“All Teams Are Back To Zero Points.” – Johann Van Graan Outlines Munster’s Ambitions For This Season
Latest posts by Jason Hennessy (see all)
- Brian O’Driscoll On Why He Couldn’t Wait To Get Out Of Rugby “Quick Enough” - September 8, 2022
- Champions Cup Last 16 Extra Time Protocol & Quarter-Final Permutations - April 15, 2022
- Legendary Ireland International Announces His Retirement Fro Rugby - April 8, 2022
It’s been a mixed few seasons for Munster under head coach Johann van Graan. The southern province have brought in exciting coaching talent in Stephen Larkham and Graham Rowntree, as well as making some excellent signings in Damian de Allende, RG Snyman, Chris Cloete, Mike Haley and Joey Carbery.
But while things have looked good mostly throughout those seasons, come the business end, Munster have failed to deliver.
Semi-final defeats have become tiresome and frustrating both domestically and in Europe with the province last winning a trophy way back in 2011. You have to go back as far as 2008 for a European crown.
This season, however, is like no other – only a few weeks backs Munster were taking on Leinster in a PRO14 semi-final and now they’re already beginning a brand new season following the disruption to fixtures across the world.
But the goal remains the same, getting past that elusive semi-final and bringing some much-needed silverware back to Limerick.
“I think from a league point of view all teams are back to zero points,” van Graan told us this week when we asked him to outline Munster’s ambitions for the season.
“In order to get yourself into the play-off games, you’ve got to perform consistently week in, week out. You’ve got to put yourself in a position to get into a semi-final which we’ve done for the last four seasons.
“And then hopefully improve as the season goes to get a positive result in a semi-final and get into a final but that’s a very long way away.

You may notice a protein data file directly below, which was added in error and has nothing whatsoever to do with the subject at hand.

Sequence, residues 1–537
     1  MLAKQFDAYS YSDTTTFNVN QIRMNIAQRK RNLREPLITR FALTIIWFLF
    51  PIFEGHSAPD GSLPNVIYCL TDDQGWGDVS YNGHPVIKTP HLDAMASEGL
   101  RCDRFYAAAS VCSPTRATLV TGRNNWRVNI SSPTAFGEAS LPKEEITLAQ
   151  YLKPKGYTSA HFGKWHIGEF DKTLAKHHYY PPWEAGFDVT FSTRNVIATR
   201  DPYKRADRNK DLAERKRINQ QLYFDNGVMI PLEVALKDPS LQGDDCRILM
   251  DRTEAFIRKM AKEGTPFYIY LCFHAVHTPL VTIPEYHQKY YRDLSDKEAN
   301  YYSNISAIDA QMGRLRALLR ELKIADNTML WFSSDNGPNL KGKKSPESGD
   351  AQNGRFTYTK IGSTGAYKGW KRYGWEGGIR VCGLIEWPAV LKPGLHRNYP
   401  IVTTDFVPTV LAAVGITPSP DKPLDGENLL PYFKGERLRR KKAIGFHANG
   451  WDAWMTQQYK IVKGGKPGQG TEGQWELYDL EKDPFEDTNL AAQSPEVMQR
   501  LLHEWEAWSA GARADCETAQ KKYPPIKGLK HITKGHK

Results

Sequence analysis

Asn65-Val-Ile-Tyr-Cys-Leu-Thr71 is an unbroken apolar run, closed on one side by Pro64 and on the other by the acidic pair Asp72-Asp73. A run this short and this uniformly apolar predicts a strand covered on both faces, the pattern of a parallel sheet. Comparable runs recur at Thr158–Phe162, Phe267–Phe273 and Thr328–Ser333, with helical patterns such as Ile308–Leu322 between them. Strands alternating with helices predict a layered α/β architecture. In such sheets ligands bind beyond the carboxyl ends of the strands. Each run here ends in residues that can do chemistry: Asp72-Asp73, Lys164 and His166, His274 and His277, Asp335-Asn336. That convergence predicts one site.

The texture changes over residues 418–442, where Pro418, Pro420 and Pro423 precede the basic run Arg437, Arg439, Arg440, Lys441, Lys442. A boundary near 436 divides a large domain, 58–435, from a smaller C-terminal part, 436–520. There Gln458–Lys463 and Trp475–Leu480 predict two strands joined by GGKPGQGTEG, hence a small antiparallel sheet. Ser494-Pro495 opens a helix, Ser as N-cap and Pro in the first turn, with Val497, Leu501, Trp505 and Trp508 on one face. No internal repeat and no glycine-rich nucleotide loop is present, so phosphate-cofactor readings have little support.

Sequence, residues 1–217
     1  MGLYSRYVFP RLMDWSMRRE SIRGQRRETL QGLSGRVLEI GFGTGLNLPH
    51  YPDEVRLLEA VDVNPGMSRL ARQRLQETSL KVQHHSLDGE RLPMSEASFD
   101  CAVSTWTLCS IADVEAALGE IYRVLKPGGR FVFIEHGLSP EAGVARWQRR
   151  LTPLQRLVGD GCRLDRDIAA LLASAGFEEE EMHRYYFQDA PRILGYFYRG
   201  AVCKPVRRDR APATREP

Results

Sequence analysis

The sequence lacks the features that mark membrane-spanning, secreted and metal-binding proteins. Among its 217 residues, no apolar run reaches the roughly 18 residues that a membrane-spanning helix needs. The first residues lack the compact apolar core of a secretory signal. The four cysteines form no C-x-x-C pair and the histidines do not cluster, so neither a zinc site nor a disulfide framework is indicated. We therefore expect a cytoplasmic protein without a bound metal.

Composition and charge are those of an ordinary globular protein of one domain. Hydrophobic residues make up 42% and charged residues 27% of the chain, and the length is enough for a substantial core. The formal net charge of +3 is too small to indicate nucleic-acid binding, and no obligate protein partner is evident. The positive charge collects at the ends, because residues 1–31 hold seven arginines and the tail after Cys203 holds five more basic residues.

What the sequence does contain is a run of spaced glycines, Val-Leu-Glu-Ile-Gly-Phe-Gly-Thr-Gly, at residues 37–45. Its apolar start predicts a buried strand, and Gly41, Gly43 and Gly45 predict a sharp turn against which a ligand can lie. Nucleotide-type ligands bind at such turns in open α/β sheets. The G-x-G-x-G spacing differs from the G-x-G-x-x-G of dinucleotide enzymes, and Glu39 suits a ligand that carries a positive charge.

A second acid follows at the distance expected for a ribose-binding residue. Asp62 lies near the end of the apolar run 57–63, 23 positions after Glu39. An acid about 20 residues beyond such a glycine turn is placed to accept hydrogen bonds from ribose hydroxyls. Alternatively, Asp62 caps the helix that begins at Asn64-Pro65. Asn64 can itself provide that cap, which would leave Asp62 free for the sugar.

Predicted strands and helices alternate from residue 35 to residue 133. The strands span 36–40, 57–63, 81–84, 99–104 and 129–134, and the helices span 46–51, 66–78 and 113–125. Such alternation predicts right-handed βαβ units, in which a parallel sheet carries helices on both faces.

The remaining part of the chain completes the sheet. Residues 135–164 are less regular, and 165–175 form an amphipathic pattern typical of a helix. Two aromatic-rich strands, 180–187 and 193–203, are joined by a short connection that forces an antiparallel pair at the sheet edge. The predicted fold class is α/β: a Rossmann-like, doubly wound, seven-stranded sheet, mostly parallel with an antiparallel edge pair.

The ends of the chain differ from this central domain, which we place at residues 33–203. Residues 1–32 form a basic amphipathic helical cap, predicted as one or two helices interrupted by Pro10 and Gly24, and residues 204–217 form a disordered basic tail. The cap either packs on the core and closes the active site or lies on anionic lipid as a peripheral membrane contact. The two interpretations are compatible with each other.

“There are a few different blocks coming up, we’ve got two weeks with the whole squad then a whole host of players will go to the national team but the bulk of our squad will remain behind.
“Guys then come back the Monday before the Champions Cup and then you’ve got two Champions Cup games, three inter-pros, two more Champions Cup games and then there’s a Six Nations with some PRO14 games and then you’re into April.
“So it’s a long way to go.”
View this post on Instagram
Episode 6 has arrived. 🎧 – Jason & Jamie Heaslip look back at the Heineken Champions Cup semi-finals and ahead to this weekend's final. 🏆 – Monday Night Rugby. 🤔 – Stormers, Bulls, Lions and Sharks on their way to a new PRO16? 👀 – Tadhg Beirne on what Munster must do to improve on last season and returning to Thomond Park. 👊🏻 – Stuart Lancaster on the English vs Irish teams power game debate. 💪🏻 – Johann van Graan on Joey Carbery and Munster's goals for this season. 🏉 – And much more. 🙌🏻 Available on Apple Podcasts, Spotify and more.
An area that has come under criticism in recent years is Munster’s sparse use of their academy system. More often than not they have looked overseas to fill gaps, with marquees signings and short-term Super Rugby stop gaps used instead of homegrown talent.
But that’s going to change this year with the province finally beginning to follow the hugely successful Leinster model of promoting within and giving players a chance, no matter the age.
“We believe that we have got a very good crop of youngsters coming through that will not only play in these games but perform in these games,” van Graan added.
“Because there is a big difference between being selected and actually performing in a big game.
“Somebody like, I don’t want to name-drop certain guys, but someone like John Hodnett will definitely come close to our starting European team, someone like Craig Casey, Ben Healy, Jack Crowley, and Jake Flannery.
“We’ve added to the squad with Roman Salanoa, Keynan Knox is a year further along the line, Matt Gallagher is with the team, someone like Liam Coombes performed on the weekend.
“You have got guys who can be really special players but need a bit more time, someone like Thomas Ahern. We believe that we are improving not only the academy group but the squad. So we’d like to believe from a playing group that we’re better equipped a year on.”
Another big season for Munster and one that they and all their fans will be hoping ends in a final at the very least, maybe even two. Maybe even a bit of silverware for a dusty cabinet that certainly needs some love.